Jayawardene to step down from captaincy

Jayawardene-K. BHAGYA PRAKASH

These are difficult days for Jayawardene. While his team has been largely out-played by India in a 4-1 verdict in the one-dayers, the skipper’s loss of form with the willow has not helped matters either, writes S. Dinakar.

The Sri Lankan Independence Day celebrations are over, tanks and armoured cars roll out. People are back flocking the beach which is a blaze of colour.

India’s cricket tour of Sri Lanka is nearing conclusion. The mood in the Indian camp is one of quiet confidence; Mahendra Singh Dhoni’s men have also climbed to the second spot in the ICC ODI rankings.

The side, on a roll, seeks its 10th successive ODI win at the Premadasa Stadium. The Indians, though, pay the price for relaxing a bit during the Sri Lankan innings.

The change in luck with the spin of the coin fetches Sri Lanka a win.

Skipper Mahela Jayawardene has been in the game long enough to comprehend fortune swings. Even as the cricketers engage themselves in a late-evening game of pool at the Sports Bar in Taj Samudra, Kenny Rogers’ immortal song — “You should know when to hold up, know when to fold up, know when to walk away....” fills the room.

These are difficult days for Jayawardene. While his team has been largely out-played by India in a 4-1 verdict, the skipper’s loss of form with the willow has not helped matters either.

An introspective man, Jayawardene appears to be seeking answers from within. These are times when his rather spontaneous smile seems to have sought a temporary exile.

The Lankans put up a brave face at the breakfast table. Jayawardene and his wife Christina are joined by close friend and vice-captain Kumar Sangakkara. Muttiah Muralitharan is his lively self. Sanath Jayasuriya holds court with the younger bunch.

Jayawardene — along with seniors Sangakkara and Muralitharan — is not a part of the one-off Twenty20 game at the Premadasa Stadium. By now, the skipper has already made up his mind to relinquish captaincy after the Test tour of Pakistan.

Meanwhile, I catch up with my vegetarian soul-mate Venkatesh Prasad at the dinner table. “Before I was fussy, I wanted only South Indian vegetarian food. Now I have opened up in my mind more. I have vegetarian pizza and stuff like that,” says Venkatesh Prasad.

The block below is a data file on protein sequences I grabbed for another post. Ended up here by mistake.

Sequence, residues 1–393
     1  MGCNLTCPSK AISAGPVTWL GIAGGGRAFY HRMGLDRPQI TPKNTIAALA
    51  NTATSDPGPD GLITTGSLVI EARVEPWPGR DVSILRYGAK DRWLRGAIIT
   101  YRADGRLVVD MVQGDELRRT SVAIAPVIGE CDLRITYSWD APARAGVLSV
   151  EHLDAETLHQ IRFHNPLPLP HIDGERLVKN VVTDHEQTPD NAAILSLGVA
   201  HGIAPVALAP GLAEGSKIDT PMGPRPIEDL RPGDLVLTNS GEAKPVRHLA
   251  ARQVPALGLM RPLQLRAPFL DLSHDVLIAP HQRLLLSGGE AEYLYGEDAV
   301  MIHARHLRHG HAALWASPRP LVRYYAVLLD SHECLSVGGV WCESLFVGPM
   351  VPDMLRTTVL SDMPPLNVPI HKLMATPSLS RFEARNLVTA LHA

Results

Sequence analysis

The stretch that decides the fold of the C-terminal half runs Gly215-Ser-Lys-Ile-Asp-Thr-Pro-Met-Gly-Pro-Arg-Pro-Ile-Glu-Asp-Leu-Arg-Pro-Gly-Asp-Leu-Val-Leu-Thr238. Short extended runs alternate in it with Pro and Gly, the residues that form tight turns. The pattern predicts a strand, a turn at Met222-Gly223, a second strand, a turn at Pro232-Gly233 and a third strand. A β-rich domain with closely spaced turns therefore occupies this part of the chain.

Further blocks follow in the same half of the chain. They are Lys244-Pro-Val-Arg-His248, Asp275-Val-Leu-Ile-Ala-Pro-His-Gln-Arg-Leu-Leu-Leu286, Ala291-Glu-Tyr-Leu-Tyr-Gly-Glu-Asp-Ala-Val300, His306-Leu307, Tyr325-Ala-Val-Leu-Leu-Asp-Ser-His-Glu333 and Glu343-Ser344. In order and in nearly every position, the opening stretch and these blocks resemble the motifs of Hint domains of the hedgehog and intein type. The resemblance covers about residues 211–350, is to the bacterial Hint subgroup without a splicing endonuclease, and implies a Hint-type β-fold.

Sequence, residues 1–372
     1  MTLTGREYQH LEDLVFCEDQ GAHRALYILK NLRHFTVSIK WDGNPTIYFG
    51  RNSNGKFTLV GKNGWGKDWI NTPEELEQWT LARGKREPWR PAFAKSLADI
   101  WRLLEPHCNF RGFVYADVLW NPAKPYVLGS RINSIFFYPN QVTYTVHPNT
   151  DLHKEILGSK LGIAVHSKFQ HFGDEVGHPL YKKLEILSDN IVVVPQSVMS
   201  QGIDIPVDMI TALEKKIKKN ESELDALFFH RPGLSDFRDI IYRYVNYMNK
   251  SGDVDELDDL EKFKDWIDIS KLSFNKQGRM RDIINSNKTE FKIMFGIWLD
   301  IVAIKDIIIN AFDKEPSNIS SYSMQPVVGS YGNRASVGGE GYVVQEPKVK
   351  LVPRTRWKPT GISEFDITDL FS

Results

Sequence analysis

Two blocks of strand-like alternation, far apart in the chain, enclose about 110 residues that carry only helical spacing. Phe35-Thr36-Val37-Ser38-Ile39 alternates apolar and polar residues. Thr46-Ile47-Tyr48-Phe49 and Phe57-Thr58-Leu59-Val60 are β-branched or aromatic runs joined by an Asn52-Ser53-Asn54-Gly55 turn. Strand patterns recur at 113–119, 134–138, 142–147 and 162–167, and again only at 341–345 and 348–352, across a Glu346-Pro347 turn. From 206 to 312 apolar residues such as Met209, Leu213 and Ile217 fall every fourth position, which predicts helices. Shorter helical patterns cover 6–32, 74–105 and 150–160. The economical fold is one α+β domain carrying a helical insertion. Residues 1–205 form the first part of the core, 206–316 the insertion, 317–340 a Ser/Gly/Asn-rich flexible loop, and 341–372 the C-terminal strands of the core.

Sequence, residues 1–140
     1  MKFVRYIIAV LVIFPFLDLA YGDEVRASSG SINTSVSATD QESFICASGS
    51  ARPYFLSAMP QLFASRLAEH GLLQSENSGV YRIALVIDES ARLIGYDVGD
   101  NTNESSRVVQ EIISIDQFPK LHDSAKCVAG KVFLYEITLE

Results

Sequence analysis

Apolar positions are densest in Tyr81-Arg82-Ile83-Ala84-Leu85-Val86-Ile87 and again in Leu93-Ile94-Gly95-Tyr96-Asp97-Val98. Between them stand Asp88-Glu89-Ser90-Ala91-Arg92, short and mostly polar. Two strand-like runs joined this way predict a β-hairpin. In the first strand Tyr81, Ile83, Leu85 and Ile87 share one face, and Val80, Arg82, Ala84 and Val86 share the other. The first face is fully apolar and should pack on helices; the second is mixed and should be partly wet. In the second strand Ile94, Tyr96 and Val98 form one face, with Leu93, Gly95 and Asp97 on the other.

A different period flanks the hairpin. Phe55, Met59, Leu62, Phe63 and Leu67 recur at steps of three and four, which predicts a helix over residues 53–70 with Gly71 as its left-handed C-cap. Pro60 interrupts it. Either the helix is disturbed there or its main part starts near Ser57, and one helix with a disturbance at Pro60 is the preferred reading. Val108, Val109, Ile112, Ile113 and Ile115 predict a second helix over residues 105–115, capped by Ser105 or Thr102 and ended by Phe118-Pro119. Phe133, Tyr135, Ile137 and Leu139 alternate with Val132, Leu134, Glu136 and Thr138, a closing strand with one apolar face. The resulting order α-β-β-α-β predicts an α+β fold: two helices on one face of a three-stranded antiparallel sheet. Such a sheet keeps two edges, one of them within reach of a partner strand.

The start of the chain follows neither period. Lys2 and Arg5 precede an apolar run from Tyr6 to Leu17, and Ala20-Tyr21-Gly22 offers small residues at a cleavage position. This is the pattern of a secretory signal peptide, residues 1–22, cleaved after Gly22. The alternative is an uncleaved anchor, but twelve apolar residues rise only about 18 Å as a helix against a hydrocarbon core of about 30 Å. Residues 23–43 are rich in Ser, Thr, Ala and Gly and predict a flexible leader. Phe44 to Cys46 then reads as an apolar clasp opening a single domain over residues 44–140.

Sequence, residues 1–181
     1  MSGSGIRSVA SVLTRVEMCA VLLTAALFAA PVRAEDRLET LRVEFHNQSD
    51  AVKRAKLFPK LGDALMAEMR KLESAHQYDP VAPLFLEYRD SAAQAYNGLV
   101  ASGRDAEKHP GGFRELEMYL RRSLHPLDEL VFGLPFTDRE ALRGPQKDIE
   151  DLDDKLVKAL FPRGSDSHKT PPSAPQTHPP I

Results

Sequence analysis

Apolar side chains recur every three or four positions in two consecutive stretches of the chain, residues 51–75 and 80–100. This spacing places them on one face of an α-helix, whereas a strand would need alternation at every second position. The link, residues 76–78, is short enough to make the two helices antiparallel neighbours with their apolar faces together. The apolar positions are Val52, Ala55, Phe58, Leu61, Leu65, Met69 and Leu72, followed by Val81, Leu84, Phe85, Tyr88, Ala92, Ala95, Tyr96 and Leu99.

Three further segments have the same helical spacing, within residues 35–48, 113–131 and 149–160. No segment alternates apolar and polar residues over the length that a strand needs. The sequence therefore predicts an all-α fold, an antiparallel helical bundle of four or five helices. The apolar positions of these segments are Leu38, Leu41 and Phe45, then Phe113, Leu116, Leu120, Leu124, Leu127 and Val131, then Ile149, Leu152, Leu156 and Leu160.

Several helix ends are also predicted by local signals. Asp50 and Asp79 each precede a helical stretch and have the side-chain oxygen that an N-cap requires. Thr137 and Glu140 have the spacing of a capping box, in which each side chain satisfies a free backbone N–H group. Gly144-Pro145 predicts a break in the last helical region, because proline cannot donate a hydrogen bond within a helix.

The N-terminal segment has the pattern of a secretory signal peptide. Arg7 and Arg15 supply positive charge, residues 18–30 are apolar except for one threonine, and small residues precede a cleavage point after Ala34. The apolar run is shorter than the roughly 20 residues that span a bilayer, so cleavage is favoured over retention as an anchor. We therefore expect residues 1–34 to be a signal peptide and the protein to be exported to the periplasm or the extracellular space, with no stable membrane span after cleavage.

Fielding coach Robin Singh, married to Sujatha, a Chennai Iyengar, is a converted vegetarian in a shrinking tribe in the cricketing world. Robin continues to be astonishingly fit.

While much focus is on Dhoni and coach Gary Kirsten, Robin and Prasad have contributed immensely to the Indian surge. Both are committed, share years of cricketing experience and wisdom.

Meanwhile, there is a whiff of a controversy as Sachin Tendulkar leaves for home ahead of the Twenty20 international. Manager Prakash Dixit clarifies that the maestro is not part of the Twenty20 squad. He is hurt at the speculations.

Cricket is a circle of life and the comeback men from injuries, Lakshmipathy Balaji and Lasith Malinga, deserve credit for keeping the fire burning. Balaji flashes his trade-mark smile. Malinga, his colourful mane intact, waltzes across the hotel lobby.

Meanwhile it is time to hire Tuk Tuk — auto rickshaws are called by this name in Colombo — for one last time even as the golden sun drifts away.

All roads lead to Premadasa Stadium this Tuesday. There is a clogging of traffic and the inflow of spectators into the stadium. The atmosphere inside is one of celebration as Sri Lanka welcomes international Twenty20 cricket. In the final stretch of the match, the crowd goes through emotions of varying hues.

Cricket has this habit of throwing up great stories and the Pathan brothers, Irfan and Yusuf, script a sensational win for India. The engaging story that began in the alleys of Vadodara continues on the highway of international cricket.